Story at a glance:
- Researchers estimate that nearly one-third of the U.S. population, or 103 million Americans, got COVID-19 last year.
- Nearly half the residents of Chicago, Los Angeles, Miami and New York City were likely infected in 2020, according to a new analysis.
- In a year to year comparison, starting from spring 2020 to spring 2021, the percentage of people who died from COVID-19 dropped from 0.8 to 0.3 nationwide.
While official numbers report nearly 20 million confirmed cases of COVID-19 last year, according to The COVID Tracking Project, researchers estimate that nearly one-third of the U.S. population, 31 percent or 103 million Americans, had COVID-19 at some point last year.
Columbia University Mailman School of Public Health researchers determined that fewer than one-quarter, 22 percent, confirmed their positive diagnosis for public health reports through testing, according to a news release by the American Association for the Advancement of Science (AAAS).
In the upper Midwest and Mississippi valley, including the Dakotas, Minnesota, Wisconsin and Iowa, nearly two-thirds, 60 percent, of the population was estimated to have had COVID-19 in 2020. Meanwhile, nearly half the residents of Chicago, Los Angeles, Miami and New York City (48 percent, 52 percent, 42 percent and 44 percent, respectively) were likely infected in 2020, according to the study published in the journal Nature.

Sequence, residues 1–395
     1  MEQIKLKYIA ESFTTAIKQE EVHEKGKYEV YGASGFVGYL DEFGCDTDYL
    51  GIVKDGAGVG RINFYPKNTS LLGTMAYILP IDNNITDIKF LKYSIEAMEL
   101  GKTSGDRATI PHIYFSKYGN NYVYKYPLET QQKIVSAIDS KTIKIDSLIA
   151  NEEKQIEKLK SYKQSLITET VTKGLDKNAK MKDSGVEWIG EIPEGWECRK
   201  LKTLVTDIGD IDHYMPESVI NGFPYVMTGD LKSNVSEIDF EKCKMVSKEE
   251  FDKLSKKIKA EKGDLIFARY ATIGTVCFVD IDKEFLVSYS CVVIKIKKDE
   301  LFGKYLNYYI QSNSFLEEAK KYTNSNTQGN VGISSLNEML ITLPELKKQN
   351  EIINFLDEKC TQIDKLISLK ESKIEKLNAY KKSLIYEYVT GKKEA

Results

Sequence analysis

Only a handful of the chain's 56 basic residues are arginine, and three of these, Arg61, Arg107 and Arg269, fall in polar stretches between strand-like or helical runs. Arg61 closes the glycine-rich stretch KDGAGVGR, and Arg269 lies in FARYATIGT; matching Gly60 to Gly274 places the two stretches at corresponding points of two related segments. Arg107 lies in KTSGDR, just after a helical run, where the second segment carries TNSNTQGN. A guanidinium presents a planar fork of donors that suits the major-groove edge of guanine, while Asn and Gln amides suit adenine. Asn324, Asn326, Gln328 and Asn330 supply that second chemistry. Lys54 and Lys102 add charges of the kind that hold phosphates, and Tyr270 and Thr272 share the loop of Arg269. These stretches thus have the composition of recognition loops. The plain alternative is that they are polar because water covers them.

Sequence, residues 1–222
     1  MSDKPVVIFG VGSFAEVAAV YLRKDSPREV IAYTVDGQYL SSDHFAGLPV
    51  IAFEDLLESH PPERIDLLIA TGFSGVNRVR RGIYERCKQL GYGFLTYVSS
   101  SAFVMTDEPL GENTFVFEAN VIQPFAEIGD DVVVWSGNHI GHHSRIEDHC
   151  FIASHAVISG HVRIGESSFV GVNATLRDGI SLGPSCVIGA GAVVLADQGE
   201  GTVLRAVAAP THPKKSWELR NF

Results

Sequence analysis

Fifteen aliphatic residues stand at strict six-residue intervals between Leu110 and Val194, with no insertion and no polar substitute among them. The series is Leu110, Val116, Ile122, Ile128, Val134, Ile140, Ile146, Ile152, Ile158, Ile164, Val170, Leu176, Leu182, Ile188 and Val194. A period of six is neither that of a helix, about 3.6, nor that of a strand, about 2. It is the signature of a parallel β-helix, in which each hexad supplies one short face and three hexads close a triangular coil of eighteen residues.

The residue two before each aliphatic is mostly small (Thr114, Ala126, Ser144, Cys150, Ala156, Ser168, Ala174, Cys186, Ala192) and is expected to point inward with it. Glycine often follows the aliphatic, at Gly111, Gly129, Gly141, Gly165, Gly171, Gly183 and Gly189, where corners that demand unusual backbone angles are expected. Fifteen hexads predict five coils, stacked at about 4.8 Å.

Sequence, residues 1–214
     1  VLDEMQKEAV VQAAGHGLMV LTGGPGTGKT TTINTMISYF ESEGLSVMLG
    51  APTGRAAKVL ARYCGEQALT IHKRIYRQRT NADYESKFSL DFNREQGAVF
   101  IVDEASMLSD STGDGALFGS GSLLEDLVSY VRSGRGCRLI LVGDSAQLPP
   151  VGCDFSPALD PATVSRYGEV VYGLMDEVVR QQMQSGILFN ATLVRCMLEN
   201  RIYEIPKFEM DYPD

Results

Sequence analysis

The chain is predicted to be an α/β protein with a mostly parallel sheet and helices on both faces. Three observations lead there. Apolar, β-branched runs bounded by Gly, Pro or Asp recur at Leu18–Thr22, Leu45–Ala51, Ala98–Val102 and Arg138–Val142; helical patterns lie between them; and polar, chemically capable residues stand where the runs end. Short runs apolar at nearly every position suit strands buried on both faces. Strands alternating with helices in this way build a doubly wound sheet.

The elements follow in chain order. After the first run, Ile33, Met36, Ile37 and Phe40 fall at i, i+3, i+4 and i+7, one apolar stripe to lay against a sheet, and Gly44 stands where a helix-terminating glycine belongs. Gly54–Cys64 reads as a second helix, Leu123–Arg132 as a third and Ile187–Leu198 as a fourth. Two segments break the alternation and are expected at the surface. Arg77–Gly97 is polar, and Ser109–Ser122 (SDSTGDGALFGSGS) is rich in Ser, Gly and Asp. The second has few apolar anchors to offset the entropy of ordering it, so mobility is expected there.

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Of course, the timing of each city’s peak of contagion varied, and some experienced several spikes. During the spring and winter months, the study found, New York City and Chicago were dealt a heavy blow, but little activity occurred during the summer. Los Angeles, Miami and Phoenix, meanwhile, experienced all three seasonal waves. Los Angeles County, the largest county in the U.S. with a population of more than 10 million people, was hit particularly hard with an infection rate of 2.4 percent at the end of 2020.
Considering these numbers, in a year to year comparison starting from last spring, the percentage of people who died from COVID-19 dropped from 0.8 to 0.3 nationwide. That number was much worse in metropolitan areas due to the city delays in testing availability, overwhelmed hospitals and a lack of effective treatments. Throughout the year, however, increased numbers of confirmed cases reflected improved testing capacity, “a relaxation of initial restrictions on test usage and increasing recognition, concern, and care-seeking among the public.”
From March to December, the ascertainment rate — or the amount of likely cases that were confirmed — more than doubled from 11 percent to 25 percent, but still fell short as individuals with mild or asymptomatic infections could still spread the virus without knowing.
“The vast majority of infections were not accounted for by the number of confirmed cases,” said Jeffrey Shaman, a professor of environmental health sciences at Mailman School of Public Health, in the release. “It is these undocumented cases, which are often mild or asymptomatic infectious, that allow the virus to spread quickly through the broader population.”
The findings suggest that the virus will continue to spread and those who have not yet been vaccinated will likely suffer the most.
“While the landscape has changed with the availability of vaccines and the spread of new variants, it is important to recognize just how dangerous the pandemic was in its first year,” said Sen Pei, an assistant professor of environmental health sciences at Mailman School of Public Health, in the release.
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